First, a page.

In December, the federal standing committee on justice and human rights suggested the government take a more active role in enforcement. The committee’s Improving Support for Victims of Crime report recommended the Department of Justice work with provinces and territories to agree on effective means to assist victims in the enforcement of restitution orders.
In an email, a Department of Justice spokesperson said the government will provide a response to the report this April.
Vlasceanu would also like to see Ontario start tracking restitution order outcomes.
“There’s no statistics keeping tabs on what’s actually happening,” she said. “The first step is to actually figure out what we are dealing with. So keeping tabs, having those statistics at hand, would be huge.”
The figures that do exist show that in the last decade restitution was only part of 23 per cent of fraud sentences in Ontario. Even though less than a quarter of fraudsters were ordered to pay their victims, nearly $330 million in restitution was ordered by the Ontario Court of Justice in fraud cases since 2010 and nearly $128 million was ordered in the same period by the Superior Court of Justice.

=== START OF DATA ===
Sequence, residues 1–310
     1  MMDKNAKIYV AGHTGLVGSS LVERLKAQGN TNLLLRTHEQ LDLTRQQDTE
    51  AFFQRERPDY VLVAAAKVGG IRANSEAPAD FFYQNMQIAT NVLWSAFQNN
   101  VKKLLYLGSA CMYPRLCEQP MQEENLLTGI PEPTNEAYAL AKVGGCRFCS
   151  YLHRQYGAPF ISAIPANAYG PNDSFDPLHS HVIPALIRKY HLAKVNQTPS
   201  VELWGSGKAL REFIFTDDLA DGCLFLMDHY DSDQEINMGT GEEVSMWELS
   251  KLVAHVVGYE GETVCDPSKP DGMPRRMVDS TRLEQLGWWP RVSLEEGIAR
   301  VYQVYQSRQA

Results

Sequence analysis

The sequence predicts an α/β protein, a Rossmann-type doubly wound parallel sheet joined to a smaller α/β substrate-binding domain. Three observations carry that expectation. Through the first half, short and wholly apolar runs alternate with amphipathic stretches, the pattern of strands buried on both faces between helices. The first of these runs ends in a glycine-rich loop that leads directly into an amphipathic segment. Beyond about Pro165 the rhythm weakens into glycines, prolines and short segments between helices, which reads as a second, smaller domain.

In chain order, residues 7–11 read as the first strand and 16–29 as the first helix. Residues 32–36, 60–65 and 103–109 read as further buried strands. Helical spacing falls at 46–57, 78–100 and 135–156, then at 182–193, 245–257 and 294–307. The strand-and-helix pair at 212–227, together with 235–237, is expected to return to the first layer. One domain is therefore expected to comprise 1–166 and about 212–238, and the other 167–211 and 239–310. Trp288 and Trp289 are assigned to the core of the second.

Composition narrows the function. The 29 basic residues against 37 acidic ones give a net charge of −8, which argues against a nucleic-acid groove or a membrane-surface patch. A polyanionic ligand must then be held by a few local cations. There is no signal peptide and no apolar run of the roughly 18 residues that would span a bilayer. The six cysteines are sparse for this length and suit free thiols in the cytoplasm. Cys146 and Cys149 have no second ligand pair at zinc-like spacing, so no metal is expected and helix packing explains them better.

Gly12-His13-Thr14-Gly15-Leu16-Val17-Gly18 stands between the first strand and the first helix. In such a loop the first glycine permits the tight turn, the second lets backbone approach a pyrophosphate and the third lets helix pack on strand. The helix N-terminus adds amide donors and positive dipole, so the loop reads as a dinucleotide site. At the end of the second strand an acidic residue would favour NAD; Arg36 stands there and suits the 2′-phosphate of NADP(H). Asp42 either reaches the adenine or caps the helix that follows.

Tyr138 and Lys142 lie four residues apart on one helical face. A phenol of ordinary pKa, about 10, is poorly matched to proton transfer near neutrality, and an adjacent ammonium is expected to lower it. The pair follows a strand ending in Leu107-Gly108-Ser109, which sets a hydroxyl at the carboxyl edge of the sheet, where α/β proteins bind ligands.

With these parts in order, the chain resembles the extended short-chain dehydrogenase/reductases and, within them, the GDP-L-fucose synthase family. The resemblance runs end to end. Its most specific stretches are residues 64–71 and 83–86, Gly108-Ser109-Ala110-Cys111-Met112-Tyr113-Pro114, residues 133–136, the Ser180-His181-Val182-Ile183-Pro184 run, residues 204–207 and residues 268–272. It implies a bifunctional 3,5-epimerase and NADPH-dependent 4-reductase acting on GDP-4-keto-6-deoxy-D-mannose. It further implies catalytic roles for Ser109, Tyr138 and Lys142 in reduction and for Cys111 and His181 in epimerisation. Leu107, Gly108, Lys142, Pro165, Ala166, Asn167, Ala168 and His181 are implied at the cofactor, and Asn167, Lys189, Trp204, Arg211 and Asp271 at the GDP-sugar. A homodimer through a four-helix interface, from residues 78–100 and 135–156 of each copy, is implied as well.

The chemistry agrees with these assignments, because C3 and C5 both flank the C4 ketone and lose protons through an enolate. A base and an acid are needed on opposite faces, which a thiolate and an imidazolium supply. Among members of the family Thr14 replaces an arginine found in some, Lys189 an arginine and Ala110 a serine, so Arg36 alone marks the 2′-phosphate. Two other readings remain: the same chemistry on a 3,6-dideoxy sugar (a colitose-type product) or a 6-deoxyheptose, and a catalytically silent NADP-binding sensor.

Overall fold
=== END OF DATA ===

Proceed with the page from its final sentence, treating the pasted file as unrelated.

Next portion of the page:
But that’s where the stats end.
CBC Toronto asked Ontario’s Ministry of the Attorney General why it doesn’t track how much restitution is recovered for victims, and whether it has any plans to create a restitution enforcement program — like some other provinces have — to take the onus off of victims.
In a statement, a spokesperson said the Ministry maintains a restitution trust account where it can track funds, but there are also a number of other ways to pay restitution in Ontario, such as directly to the court, to the victim or through counsel.
“Due to the numerous ways restitution can be disbursed, the total amount collected or disbursed is not centrally tracked,” said spokesperson Maher Abdurahman.